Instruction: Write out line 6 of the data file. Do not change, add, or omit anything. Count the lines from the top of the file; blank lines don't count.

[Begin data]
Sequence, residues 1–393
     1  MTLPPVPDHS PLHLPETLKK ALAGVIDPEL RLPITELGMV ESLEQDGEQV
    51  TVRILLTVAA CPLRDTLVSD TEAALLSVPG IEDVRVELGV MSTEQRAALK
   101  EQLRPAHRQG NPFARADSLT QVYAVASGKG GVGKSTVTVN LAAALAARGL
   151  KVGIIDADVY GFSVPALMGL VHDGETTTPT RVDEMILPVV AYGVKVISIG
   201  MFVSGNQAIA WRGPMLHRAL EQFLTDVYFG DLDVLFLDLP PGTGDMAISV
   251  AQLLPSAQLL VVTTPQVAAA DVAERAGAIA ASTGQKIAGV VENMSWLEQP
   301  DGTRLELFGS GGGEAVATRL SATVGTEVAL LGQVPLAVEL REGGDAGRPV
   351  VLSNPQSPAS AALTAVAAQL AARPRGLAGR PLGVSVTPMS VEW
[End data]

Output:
   201  MFVSGNQAIA WRGPMLHRAL EQFLTDVYFG DLDVLFLDLP PGTGDMAISV